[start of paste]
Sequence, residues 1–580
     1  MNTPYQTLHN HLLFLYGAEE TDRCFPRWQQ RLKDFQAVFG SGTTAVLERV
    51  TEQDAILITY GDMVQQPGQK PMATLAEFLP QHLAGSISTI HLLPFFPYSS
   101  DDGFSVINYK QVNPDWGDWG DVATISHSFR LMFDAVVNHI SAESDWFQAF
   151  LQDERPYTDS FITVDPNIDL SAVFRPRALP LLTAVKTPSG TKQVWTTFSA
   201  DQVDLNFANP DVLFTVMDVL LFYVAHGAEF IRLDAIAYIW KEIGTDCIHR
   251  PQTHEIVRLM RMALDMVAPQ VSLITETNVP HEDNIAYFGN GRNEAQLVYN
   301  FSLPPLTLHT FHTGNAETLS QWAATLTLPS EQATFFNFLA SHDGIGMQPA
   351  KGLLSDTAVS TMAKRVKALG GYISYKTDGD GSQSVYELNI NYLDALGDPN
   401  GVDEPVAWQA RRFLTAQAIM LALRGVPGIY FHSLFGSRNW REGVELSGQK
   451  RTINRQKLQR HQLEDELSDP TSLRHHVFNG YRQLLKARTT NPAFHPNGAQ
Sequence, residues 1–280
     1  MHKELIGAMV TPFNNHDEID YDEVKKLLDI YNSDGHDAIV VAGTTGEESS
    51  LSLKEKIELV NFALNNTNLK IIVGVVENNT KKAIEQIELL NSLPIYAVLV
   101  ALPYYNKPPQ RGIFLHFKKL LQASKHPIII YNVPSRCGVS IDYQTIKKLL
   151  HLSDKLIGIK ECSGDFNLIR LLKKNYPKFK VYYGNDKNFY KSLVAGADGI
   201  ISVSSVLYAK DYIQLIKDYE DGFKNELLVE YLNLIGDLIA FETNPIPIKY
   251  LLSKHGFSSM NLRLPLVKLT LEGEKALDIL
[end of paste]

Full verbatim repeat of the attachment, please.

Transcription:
Sequence, residues 1–580
     1  MNTPYQTLHN HLLFLYGAEE TDRCFPRWQQ RLKDFQAVFG SGTTAVLERV
    51  TEQDAILITY GDMVQQPGQK PMATLAEFLP QHLAGSISTI HLLPFFPYSS
   101  DDGFSVINYK QVNPDWGDWG DVATISHSFR LMFDAVVNHI SAESDWFQAF
   151  LQDERPYTDS FITVDPNIDL SAVFRPRALP LLTAVKTPSG TKQVWTTFSA
   201  DQVDLNFANP DVLFTVMDVL LFYVAHGAEF IRLDAIAYIW KEIGTDCIHR
   251  PQTHEIVRLM RMALDMVAPQ VSLITETNVP HEDNIAYFGN GRNEAQLVYN
   301  FSLPPLTLHT FHTGNAETLS QWAATLTLPS EQATFFNFLA SHDGIGMQPA
   351  KGLLSDTAVS TMAKRVKALG GYISYKTDGD GSQSVYELNI NYLDALGDPN
   401  GVDEPVAWQA RRFLTAQAIM LALRGVPGIY FHSLFGSRNW REGVELSGQK
   451  RTINRQKLQR HQLEDELSDP TSLRHHVFNG YRQLLKARTT NPAFHPNGAQ
Sequence, residues 1–280
     1  MHKELIGAMV TPFNNHDEID YDEVKKLLDI YNSDGHDAIV VAGTTGEESS
    51  LSLKEKIELV NFALNNTNLK IIVGVVENNT KKAIEQIELL NSLPIYAVLV
   101  ALPYYNKPPQ RGIFLHFKKL LQASKHPIII YNVPSRCGVS IDYQTIKKLL
   151  HLSDKLIGIK ECSGDFNLIR LLKKNYPKFK VYYGNDKNFY KSLVAGADGI
   201  ISVSSVLYAK DYIQLIKDYE DGFKNELLVE YLNLIGDLIA FETNPIPIKY
   251  LLSKHGFSSM NLRLPLVKLT LEGEKALDIL